Saturday, July 11, 2009
Friday, July 10, 2009
When The Levi Breaks
Regular readers of this blog know that, from the announcement last summer of Palin as McCain's running mate, I've been rather skeptical of the soon-to-be-former governor of Alaska. My initial doubts had more to do with what I saw as a disconnect between the GOP's "family values" brand and the seeming acceptance of familial dysfunction represented by the welcoming of pregnant teen Bristol and "baby daddy" Levi Johnston at the GOP convention.
Since the end of the campaign, my doubts on Palin have intensified, even as the broader family soap-opera has expanded. The end of the Bristol-Levi relationship was about as surprising as the idea of snow in Alaska -- "engagement of convenience," if ever there was one.
What bothered me even more was that Palin constantly gave mixed signals. On the one hand, she indicated frustration over her family coming in for unfair scrutiny from the media. On the other, she seemed to have no problem with letting Bristol become a celebrity herself: She stood by as her 18-year old daughter first became a national spokeswoman against teen pregnancy (which included a trip to a national convention in New York City -- 2,900 miles away) and then sat for a People magazine cover-shoot. Sorry, but this girl has a six-month baby that she's supposedly taking care of!
What sort of "role model" is being created here? If Sarah Palin wants her family out of the media spotlight, don't toss them into it! Let Bristol work within the parameters of being a "normal" teen mother: Help her with college if necessary or help get her a "normal" job in Alaska. As obnoxious as David Letterman's initial comments were, if Palin lets her daughter become a more prominent teen mom, the family becomes fair game for "knocked up" jokes.
However, if Sarah Palin actually has presidential plans for 2012, the smartest thing that she can do is get rid of her spokeswoman. Meg Stapleton doesn't seem to know the first rule of dealing with the press or political incoming fire: You never engage an attack from below. By that I mean, a chief executive doesn't get into a personal fight with someone of unequal stature. During a campaign, a presidential candidate doesn't get into a political fight with a staffer from the other campaign: The candidate just engages the other candidate.
While the dynamic is slightly different when family is involved, the principle isn't completely thrown out the window. Stapleton doesn't understand this. On Thursday, Johnston reappeared to give his opinion that Palin decided to quit the governorship because of monetary reasons:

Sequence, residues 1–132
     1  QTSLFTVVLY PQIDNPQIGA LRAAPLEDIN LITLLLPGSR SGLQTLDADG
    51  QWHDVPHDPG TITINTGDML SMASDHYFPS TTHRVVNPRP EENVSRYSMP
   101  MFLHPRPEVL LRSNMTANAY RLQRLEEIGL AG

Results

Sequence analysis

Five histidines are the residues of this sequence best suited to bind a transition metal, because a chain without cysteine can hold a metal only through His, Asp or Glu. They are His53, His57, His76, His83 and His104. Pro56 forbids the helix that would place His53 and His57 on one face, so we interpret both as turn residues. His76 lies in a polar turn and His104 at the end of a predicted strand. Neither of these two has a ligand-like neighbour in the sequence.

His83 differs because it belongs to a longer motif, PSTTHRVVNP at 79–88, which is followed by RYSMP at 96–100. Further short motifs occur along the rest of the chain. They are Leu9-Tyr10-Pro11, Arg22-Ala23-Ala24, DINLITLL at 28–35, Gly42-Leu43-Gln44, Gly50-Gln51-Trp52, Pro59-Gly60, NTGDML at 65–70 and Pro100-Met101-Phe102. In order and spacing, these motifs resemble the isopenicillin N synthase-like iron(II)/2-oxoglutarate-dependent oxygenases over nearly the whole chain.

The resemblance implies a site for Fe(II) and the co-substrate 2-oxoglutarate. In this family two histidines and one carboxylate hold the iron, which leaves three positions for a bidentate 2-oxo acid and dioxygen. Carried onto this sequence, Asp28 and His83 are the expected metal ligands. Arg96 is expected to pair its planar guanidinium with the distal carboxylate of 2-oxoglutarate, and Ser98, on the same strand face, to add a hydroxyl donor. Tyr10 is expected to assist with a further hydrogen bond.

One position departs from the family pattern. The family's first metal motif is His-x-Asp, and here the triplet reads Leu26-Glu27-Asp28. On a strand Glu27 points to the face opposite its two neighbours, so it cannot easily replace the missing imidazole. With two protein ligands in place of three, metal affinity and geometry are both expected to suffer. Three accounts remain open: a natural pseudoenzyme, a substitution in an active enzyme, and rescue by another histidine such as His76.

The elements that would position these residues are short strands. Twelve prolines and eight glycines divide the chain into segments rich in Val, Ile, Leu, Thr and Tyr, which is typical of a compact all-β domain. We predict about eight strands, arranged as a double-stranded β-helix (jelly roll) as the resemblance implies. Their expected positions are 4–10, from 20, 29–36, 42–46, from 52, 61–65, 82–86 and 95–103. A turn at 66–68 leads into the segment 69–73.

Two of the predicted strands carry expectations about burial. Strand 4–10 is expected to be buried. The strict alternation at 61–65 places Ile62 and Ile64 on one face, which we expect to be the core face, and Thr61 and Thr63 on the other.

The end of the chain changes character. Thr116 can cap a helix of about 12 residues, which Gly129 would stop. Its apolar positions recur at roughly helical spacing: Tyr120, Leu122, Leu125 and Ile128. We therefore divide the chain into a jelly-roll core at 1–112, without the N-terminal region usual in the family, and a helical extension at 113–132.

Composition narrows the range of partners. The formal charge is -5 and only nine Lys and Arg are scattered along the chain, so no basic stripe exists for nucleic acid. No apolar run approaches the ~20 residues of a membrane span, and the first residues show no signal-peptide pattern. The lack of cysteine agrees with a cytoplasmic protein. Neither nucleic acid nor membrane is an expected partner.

Levi Johnston, 19, whose wedding to Bristol Palin was called off earlier this year, said Thursday he lived with the Palin family from early December to the second week in January. He claimed he heard the governor several times say how nice it would be to take advantage of the lucrative deals that were being offered, including a reality show and a book.
"She had talked about how nice it would be to take some of this money people had been offering us and you know just run with it, say 'forget everything else,'" he said.
He said he thinks book deals were really what appealed to Palin.
"I think the big deal was the book. That was millions of dollars," said Johnston, who has had a strained relationship with the family but now says things have improved.
Johnston is a 19-year-old kid. The only way he's a threat to the Palins is if they let him become one. The smart response to this is to either (preferably) just ignore the comments or, alternately, just play them down. She can say, "The governor has made the reasons for her decision known. It's been more than six months since Levi lived with the Palins. He's not in a position to know what's transpired since then." Palin and Co. remain above the fray.
Instead, Stapleton can't resist personalizing exchanges with Johnston: "It is interesting to learn Levi is working on a piece of fiction while honing his acting skills." By engaging him, Stapleton elevates Johnston (and diminishes her supposed bosses, the Palin family).
And it's not the first time she's lashed out at him. After Levi's appearance on the Tyra Banks show in April (when he surmised that Sarah Palin probably knew that he and Bristol were having sex before the pregnancy became known), Stapleton said:
"Bristol did not even know Levi was going on the show. We're disappointed that Levi and his family, in a quest for fame, attention, and fortune, are engaging in flat-out lies, gross exaggeration, and even distortion of their relationship," says the statement from the Palin family rep, Meghan Stapleton.Even though Bristol and Levi are no longer romantically involved, they still have a child together. Having the spokeswoman trade barbs with the father of Gov. Palin's grandson isn't just dumb politically, it's stupid personally.
"Bristol's focus will remain on raising Tripp, completing her education, and advocating abstinence," the statement continues. "It is unfortunate that Levi finds it more appealing to exploit his previous relationship with Bristol than to contribute to the well being of the child."
The statement ends, saying, "Bristol realizes now that she made a mistake in her relationship and is the one taking responsibility for their actions."